When I can get my younger cousins to look up from whichever gaming console they are using that makes my own 2005 Xbox 360 look ever more redundant, it is clear that the younger generations (Generation Z and after them Generation Alpha) have a very different mindset on certain issues.
My cousins talk about their peers being called out in social circles for using single use plastics. Bank of America's research indicates less than half of Gen Z drinks alcohol and over half have some kind of meat restriction. These are fundamental shifts in behaviour coming through in more than just my own limited experience.
Combining this with Bank of America's valuation of Gen Z's income at £33tn by 2030, it is obvious that Gen Z represent both a significant business and market risk and opportunity. This will impact both corporates and the financial sector, with the former being expected to amend business strategies to align with new values and the latter being expected to ensure that they are investing and managing Gen Z's wealth in a way that supports their mindset, goals and desired impacts.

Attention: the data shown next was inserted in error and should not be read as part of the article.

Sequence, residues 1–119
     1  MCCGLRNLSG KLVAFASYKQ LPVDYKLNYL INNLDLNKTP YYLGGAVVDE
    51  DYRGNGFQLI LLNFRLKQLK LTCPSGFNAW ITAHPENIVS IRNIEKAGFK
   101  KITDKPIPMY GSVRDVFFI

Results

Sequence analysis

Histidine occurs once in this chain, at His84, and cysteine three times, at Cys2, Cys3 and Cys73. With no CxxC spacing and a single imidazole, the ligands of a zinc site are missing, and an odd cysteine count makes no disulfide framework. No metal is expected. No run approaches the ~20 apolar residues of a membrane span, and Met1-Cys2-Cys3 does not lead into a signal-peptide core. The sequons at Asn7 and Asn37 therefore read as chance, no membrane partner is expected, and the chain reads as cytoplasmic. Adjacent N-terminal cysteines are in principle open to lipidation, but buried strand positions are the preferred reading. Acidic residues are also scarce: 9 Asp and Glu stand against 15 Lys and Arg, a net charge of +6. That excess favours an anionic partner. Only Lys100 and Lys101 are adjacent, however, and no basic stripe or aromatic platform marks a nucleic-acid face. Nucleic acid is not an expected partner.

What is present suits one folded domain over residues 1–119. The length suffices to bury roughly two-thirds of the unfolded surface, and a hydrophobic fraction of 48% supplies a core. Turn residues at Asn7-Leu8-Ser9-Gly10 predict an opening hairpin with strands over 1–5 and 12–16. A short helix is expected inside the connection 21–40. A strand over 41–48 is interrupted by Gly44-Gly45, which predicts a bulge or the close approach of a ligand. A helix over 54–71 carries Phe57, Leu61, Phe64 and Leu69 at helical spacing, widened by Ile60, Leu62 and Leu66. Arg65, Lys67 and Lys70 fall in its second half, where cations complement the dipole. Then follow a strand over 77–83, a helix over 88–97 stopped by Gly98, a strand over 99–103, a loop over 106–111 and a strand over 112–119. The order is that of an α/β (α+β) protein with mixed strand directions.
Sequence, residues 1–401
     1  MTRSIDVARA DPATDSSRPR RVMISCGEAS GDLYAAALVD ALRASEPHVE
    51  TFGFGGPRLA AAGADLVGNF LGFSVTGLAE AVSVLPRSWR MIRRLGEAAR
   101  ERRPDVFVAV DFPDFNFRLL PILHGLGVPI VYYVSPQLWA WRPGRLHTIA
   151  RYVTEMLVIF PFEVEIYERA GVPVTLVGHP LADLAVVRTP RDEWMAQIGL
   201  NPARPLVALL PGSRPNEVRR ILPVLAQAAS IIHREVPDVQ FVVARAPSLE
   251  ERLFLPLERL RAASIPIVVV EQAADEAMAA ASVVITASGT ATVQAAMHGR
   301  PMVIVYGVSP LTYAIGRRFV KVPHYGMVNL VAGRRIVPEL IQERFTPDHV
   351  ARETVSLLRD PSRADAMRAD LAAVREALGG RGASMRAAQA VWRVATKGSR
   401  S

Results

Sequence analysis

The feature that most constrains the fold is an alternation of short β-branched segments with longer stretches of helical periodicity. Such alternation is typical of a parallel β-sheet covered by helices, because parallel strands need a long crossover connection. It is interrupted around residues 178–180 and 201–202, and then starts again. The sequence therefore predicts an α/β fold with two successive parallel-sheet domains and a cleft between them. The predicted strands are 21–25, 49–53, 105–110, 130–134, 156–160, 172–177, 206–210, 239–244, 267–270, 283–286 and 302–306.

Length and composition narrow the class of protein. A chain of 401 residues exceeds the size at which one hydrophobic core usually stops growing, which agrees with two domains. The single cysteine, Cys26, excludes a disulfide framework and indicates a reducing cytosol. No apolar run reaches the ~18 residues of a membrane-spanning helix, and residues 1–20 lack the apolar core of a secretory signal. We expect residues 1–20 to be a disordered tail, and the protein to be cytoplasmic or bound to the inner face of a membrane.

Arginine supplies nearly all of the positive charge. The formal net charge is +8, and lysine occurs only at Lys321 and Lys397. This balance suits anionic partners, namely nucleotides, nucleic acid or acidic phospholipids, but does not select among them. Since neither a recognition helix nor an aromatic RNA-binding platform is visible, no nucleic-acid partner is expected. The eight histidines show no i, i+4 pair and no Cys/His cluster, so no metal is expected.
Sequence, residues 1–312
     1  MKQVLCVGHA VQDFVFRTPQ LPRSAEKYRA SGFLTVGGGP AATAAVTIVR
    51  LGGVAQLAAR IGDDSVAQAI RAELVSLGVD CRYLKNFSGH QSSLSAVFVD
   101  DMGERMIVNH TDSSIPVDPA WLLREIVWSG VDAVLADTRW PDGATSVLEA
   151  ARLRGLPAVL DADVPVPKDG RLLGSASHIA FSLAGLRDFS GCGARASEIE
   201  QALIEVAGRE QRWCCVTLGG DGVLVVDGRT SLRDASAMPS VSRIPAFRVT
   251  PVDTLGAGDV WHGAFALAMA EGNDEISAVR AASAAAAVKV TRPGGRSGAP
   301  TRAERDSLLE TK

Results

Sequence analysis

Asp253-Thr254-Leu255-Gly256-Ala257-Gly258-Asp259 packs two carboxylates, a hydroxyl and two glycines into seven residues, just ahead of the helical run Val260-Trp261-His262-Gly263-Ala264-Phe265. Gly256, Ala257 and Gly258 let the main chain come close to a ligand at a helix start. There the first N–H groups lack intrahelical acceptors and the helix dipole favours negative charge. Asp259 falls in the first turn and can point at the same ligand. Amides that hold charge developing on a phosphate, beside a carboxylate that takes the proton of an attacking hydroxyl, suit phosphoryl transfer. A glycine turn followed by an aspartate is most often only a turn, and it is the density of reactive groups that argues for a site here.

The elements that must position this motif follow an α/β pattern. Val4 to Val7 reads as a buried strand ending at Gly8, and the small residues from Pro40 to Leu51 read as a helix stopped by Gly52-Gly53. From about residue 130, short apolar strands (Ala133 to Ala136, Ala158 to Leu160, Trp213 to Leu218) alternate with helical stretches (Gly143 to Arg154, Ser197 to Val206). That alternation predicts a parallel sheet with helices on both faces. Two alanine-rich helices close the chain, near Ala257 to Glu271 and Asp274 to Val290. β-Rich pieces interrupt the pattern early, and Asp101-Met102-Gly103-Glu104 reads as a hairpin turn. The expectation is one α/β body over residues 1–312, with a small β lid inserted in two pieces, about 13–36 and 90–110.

Now clearly not every member of Gen Z is a Mark McVeigh, who at 23 took his superannuation fund to court seeking information on integration of climate change impacts. However, the research makes a compelling case and one that needs to be considered by all companies going forwards.
“The Gen Z revolution is starting, as the first generation born into an online world is now entering the workforce and compelling other generations to adapt to them, not vice versa,” Haim Israel, managing director of research at Bank of America said in a client note